Registration area the morning of the ride. Volunteers wore neon green t-shirts.
This fondo wasn't quite a well-oiled machine. Still, all the volunteers and organizers worked really hard to get things rolling.
Revolution Bike Shop mechanics checking bikes out before start time.
Thanks a bunch to Revolution Bike Shop of Solana Beach for providing mechanical support at the start/finish and also along the routes! 

First group of gran fondo riders at the start line.
I'm afraid I didn't take many shots once I took off. I figured the organizer would have photographers taking professional shots along the route... At any rate, the group I started out with went out really hard from the start and ran practically all the traffic lights along Lomas Santa Fe Rd as they headed to the PCH. I had to run the first red light along with them since I was right in the middle of the peloton and didn't feel like causing a nasty bunch crash by hitting the brake. I dropped out of the group right after the intersection, though... and did the same (without running lights) with the other 2 or 3 groups that followed. Somehow I doubt that any of those speedsters were professionals... From what I know, the pros generally take off leisurely and pick up speed toward the end while amateurs do the exact opposite. To be clear, the race bible specifically instructs Giro di San Diego riders to obey all traffic laws (including traffic lights and stop signs) at all time.
Elfin Forest Rd was still under construction, so all the fondo routes were re-routed up San Elijo Rd toward San Marcos.

The gran fondo and the medio fondo riders went all the way thru to Escondido. Our first aid station was on Valley Center Rd just south of Lake Wohlford Rd. The volunteers here didn't get their neon green shirt, but still managed to feed us hungry cyclists delicious peanut butter and jelly sandwiches, watermelon, chips and sport drinks.

Up Valley Center Rd toward the mountains

Man, was I glad we climbed Cole Grade Rd from the south side...
The medio fondo riders veered off to climb Lake Wohlford and then turn back. We gran fondo riders went up Valley Center Rd to climb fearsome Cole Grade Rd, happily from the south side (the original route would have us climb that thing from the north side right after Mt Palomar... Eeeek!).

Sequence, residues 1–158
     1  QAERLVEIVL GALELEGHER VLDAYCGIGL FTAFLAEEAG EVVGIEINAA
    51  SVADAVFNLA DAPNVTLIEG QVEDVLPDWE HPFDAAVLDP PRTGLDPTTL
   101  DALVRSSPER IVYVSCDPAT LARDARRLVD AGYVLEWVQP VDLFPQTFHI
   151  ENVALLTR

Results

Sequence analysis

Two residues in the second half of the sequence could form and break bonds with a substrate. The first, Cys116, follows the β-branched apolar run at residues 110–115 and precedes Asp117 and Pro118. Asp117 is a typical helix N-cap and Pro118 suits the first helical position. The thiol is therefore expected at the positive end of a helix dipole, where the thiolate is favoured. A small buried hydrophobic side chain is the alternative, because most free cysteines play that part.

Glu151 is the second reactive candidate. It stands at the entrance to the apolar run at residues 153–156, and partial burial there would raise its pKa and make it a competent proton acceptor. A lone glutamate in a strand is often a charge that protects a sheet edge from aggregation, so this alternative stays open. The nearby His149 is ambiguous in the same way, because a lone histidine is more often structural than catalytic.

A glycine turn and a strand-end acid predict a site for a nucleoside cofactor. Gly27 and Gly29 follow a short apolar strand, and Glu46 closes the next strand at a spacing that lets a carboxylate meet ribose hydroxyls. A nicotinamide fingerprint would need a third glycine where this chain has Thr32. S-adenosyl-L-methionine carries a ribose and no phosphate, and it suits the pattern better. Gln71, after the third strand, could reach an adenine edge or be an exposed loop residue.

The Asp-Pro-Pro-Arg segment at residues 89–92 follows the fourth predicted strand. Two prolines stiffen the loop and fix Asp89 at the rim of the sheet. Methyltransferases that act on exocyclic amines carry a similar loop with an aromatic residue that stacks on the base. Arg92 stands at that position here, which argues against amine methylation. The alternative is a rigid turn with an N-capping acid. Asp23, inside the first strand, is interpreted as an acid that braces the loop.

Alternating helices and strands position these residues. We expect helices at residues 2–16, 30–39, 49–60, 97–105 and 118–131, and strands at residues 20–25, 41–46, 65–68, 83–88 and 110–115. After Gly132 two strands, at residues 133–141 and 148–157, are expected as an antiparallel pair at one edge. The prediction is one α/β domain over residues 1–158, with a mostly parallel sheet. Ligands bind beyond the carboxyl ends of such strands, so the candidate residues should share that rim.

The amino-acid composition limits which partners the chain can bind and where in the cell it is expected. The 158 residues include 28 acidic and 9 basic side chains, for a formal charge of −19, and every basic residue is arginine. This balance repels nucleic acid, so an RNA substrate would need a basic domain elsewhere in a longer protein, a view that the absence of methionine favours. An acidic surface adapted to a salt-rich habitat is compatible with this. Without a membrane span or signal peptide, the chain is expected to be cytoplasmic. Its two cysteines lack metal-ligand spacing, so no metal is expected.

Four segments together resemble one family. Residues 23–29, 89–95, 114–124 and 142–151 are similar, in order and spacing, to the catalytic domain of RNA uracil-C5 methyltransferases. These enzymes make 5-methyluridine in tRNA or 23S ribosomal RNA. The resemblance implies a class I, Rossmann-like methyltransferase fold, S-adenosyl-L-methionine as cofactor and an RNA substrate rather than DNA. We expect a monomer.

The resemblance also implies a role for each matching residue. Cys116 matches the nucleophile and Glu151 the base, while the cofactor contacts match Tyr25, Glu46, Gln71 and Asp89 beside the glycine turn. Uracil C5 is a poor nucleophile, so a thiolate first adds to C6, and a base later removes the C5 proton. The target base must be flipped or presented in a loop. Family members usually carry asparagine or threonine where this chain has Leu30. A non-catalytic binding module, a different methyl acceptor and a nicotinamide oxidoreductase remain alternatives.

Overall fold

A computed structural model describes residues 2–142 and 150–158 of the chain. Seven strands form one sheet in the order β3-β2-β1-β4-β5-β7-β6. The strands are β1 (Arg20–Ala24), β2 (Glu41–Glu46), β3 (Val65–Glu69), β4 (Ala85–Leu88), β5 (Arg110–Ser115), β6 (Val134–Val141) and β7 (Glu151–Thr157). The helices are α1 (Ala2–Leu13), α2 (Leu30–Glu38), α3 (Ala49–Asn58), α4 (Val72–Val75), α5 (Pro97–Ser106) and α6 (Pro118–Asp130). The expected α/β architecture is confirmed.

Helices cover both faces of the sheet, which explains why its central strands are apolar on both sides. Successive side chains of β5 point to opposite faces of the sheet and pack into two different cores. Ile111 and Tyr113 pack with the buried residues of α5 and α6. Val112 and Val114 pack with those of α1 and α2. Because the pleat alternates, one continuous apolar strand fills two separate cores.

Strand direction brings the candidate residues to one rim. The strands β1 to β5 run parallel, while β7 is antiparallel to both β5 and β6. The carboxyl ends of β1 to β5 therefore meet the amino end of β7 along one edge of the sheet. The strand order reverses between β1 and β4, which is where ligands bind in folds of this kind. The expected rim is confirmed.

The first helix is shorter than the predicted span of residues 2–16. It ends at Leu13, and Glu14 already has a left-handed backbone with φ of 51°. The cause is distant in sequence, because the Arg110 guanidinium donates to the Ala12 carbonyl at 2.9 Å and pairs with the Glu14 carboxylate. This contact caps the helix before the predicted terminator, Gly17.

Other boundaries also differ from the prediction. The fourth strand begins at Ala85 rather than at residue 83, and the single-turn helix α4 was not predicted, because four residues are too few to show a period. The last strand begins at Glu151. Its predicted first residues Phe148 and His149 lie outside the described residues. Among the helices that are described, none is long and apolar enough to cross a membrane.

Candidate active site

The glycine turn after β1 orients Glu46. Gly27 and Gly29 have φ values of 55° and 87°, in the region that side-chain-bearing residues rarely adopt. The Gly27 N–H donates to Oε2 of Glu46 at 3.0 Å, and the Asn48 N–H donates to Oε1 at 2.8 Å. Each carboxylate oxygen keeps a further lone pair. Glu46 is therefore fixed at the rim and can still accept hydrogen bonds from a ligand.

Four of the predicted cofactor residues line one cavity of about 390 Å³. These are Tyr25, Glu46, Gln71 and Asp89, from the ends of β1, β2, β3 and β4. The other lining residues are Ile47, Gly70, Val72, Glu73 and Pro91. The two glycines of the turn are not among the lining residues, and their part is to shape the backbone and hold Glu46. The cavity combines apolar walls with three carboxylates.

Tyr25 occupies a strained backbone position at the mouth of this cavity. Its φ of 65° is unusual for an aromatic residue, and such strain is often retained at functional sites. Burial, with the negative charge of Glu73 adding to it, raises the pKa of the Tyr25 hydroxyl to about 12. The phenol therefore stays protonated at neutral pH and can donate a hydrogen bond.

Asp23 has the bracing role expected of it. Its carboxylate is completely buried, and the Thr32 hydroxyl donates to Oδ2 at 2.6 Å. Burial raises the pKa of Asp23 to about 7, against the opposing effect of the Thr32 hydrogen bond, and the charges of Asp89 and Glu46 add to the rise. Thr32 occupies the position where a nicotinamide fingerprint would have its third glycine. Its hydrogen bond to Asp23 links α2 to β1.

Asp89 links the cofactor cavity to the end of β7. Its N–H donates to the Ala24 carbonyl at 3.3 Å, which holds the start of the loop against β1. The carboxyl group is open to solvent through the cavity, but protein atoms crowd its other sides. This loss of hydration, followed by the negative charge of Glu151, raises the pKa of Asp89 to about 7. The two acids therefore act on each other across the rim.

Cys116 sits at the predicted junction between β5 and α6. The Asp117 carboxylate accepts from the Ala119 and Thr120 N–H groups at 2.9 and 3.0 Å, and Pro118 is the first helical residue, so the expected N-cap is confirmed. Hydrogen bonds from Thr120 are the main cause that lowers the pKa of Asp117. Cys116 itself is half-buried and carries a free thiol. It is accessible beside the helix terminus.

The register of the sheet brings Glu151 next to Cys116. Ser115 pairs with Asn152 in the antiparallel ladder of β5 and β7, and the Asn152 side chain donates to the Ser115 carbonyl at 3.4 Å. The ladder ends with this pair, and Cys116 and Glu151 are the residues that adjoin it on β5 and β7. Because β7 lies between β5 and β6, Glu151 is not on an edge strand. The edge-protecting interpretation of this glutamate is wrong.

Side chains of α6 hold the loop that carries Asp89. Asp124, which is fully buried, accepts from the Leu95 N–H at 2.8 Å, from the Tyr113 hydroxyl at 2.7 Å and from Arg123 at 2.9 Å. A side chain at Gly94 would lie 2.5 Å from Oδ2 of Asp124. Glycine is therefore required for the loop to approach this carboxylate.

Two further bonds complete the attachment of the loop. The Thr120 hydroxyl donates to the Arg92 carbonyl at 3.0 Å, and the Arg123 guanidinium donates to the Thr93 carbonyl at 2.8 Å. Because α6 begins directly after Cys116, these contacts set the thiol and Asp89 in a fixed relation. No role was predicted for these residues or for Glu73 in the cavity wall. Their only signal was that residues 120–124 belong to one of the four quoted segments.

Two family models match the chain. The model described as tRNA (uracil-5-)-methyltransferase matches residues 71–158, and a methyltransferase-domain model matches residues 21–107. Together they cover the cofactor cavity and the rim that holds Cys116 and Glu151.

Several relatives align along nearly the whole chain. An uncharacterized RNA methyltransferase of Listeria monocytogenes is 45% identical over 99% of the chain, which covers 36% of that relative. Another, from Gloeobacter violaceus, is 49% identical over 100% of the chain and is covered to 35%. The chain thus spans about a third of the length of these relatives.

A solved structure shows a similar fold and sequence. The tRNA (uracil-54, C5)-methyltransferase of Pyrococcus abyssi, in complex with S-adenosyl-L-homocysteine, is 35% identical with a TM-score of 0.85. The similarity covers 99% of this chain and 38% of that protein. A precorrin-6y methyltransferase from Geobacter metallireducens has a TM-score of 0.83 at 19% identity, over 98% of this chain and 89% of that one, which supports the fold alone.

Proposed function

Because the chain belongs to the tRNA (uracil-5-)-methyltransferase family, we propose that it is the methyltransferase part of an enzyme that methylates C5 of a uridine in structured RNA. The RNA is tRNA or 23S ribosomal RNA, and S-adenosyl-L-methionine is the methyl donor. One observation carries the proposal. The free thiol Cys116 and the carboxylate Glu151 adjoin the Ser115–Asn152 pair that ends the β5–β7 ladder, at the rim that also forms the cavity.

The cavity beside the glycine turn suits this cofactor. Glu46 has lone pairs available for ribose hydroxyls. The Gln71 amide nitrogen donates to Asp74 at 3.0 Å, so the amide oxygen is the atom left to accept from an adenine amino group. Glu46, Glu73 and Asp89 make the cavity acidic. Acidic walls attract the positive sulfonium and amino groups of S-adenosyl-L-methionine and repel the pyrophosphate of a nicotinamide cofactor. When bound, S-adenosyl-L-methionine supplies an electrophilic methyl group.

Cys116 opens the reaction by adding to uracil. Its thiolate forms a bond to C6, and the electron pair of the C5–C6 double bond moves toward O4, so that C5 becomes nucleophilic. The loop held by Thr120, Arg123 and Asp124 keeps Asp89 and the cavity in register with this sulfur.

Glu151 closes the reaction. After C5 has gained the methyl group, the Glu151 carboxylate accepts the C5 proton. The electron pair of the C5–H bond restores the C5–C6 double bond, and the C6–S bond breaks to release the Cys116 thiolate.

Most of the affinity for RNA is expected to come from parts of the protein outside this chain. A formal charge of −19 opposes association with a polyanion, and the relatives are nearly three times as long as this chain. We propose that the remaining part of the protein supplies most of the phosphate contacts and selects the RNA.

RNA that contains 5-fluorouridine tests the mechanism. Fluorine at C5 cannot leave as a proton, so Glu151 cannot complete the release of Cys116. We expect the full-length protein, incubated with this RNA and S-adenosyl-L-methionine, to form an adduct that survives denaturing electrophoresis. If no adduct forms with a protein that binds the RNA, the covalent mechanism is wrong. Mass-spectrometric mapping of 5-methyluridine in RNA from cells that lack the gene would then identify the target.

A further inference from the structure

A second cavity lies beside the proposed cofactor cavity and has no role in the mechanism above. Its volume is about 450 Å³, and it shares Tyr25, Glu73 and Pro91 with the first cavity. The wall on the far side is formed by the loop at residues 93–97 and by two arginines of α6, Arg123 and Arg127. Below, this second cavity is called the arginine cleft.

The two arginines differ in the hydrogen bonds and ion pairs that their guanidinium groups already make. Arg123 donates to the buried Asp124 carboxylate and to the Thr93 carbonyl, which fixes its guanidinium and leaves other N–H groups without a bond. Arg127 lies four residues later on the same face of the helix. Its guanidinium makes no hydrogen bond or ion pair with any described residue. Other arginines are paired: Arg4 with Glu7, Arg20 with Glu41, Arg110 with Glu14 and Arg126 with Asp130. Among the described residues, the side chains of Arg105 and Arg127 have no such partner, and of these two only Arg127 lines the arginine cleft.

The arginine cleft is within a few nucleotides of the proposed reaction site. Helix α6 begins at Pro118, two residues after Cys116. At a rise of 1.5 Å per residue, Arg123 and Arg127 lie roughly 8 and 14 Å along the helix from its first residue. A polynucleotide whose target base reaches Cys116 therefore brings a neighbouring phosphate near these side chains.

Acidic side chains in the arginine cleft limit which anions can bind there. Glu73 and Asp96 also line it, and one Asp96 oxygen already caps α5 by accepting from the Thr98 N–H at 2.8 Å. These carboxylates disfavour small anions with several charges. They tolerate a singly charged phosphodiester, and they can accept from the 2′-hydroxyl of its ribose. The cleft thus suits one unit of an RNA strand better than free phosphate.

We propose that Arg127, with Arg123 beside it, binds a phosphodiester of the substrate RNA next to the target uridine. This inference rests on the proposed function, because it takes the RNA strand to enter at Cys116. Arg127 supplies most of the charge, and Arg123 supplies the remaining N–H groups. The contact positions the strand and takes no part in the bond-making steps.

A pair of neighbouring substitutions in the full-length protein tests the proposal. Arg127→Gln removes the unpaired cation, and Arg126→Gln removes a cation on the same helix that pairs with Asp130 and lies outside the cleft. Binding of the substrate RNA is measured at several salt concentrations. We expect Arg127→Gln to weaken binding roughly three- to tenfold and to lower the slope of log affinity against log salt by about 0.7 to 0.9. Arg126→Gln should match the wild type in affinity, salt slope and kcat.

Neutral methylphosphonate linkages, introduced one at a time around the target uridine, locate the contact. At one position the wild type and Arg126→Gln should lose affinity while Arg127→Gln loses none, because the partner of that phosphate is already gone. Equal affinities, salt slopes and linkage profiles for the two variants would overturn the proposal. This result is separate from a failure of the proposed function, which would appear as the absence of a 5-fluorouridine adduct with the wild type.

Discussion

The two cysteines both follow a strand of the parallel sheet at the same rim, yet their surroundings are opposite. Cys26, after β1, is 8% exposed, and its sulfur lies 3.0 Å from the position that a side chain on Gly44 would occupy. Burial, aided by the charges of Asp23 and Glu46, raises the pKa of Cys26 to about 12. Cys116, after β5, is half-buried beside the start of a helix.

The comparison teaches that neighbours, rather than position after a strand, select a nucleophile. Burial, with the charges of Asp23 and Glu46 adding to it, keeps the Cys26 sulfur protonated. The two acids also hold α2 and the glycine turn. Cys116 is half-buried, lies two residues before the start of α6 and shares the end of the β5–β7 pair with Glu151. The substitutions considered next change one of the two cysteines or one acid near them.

By the time I hit the base of Palomar South Grade Rd the sun was feeling macho and seemed bent on scorching the joy out of all living things. There was a company of paramedic at the turn off with warm coolers of water and a bunch of O2 tanks. Their thermometer read 103F and quite a few exhausted riders lined up to be revived by some fresh gas.
Riders taking a breather in a shaded spot along S6 up Palomar Mtn. SAG cars along the route provided energy bars and water.
Never saw any cow on the mountain, but there are 4 cow crossings along South Grade Rd that were icky to ride over.

Yes, I got passed by a few really fit ladies... I plead guilty to being slow!
Even seasoned century riders were taking frequent breaks at various little shaded spots along the way up that last 6 mile bit of continuous 6.5% grade climb. 


Half way up I passed one exhausted rider walking his bike up. The dude was spent, but still wasn't willing to give up! Another dude ran out of water and food a mile or so from the top. Luckily I started with 3 bottles and still had one nearly full one left then, so I half the liquid with him and gave him my last energy gel before going on up the road. He came riding up a bit after. Gotta give these riders kudos. They were down, but they refused to throw in the towel!


There was a volunteer guy at the base of the climb (on Hwy76 just past Valley Center Rd) recording our bib number and time for the King of the Mountain contest. There wasn't anyone recording our finish time on the top of the road by the time I got there, though. At any rate, plenty other volunteers were there in front of Mother's Kitchen with tablefuls of goodies; apple pie wedges, watermelon slices, chips (good source of replacement salt!), and more peanut butter and jelly sandwiches along with bottles of Pepsi and sport drinks. 

You'll pardon me for not taking any photo on my way down twisty South Grade Rd... I maybe moderately crazy but I'm not suicidal. Thank you very much. I did turn back and took a shot at a group coming down Lake Wohlford Rd after me while waiting for the traffic light to turn green. That was my last road shot of the day, though. It was almost 3PM then and I was overheated beyond caring. To heck with fishing out the camera to shoot anything. I just wanted to make it back to Solana Beach before dark!
The salad was soggy and the pasta cold, but the lemonade and the iced tea were cold and tasted wonderful!
Which I did... just in time, too. They stopped serving food 10 minutes or so after I arrived.

Thanks very much again to all the volunteers at the gran fondo!

Links:
- Giro di San Diego gran fondo official website
- My pre-ride of the mountain part of the gran fondo route

Pre-riding the hilly bit of the 2012 Giro di San Diego gran fondo (Lake Wohlford, Palomar South Grade, Cole Grade Rd) II

Part 1.


That's the same road I'm on now, South Grade Rd (S6). The wiggly thing kept doubling back on itself!
So there I was, leaning against the Palomar Artesian Springs rock basin in the shade on the hillside of South Grade Rd considering my options: I had never ridden this way before and didn't know how far I still had to the top. It was now past one in the mid-summer afternoon and I only had 2 gulps of water left in my bottles. I knew that if I turn around before the top, I would be coasting downhill all the way to the Oak Knoll Campground (and its little shop with cold drinks and even ice-cream)... so perhaps it wouldn't be that foolish to keep going up until I really ran out of all water - something I wouldn't do in other circumstances. I should have paid more attention to the roadside mile posts at the start of the climb, but the road was supposed to be only 6 miles long and I had passed 47.2 (and remembered 41.something on my way up), so I had to be quite close!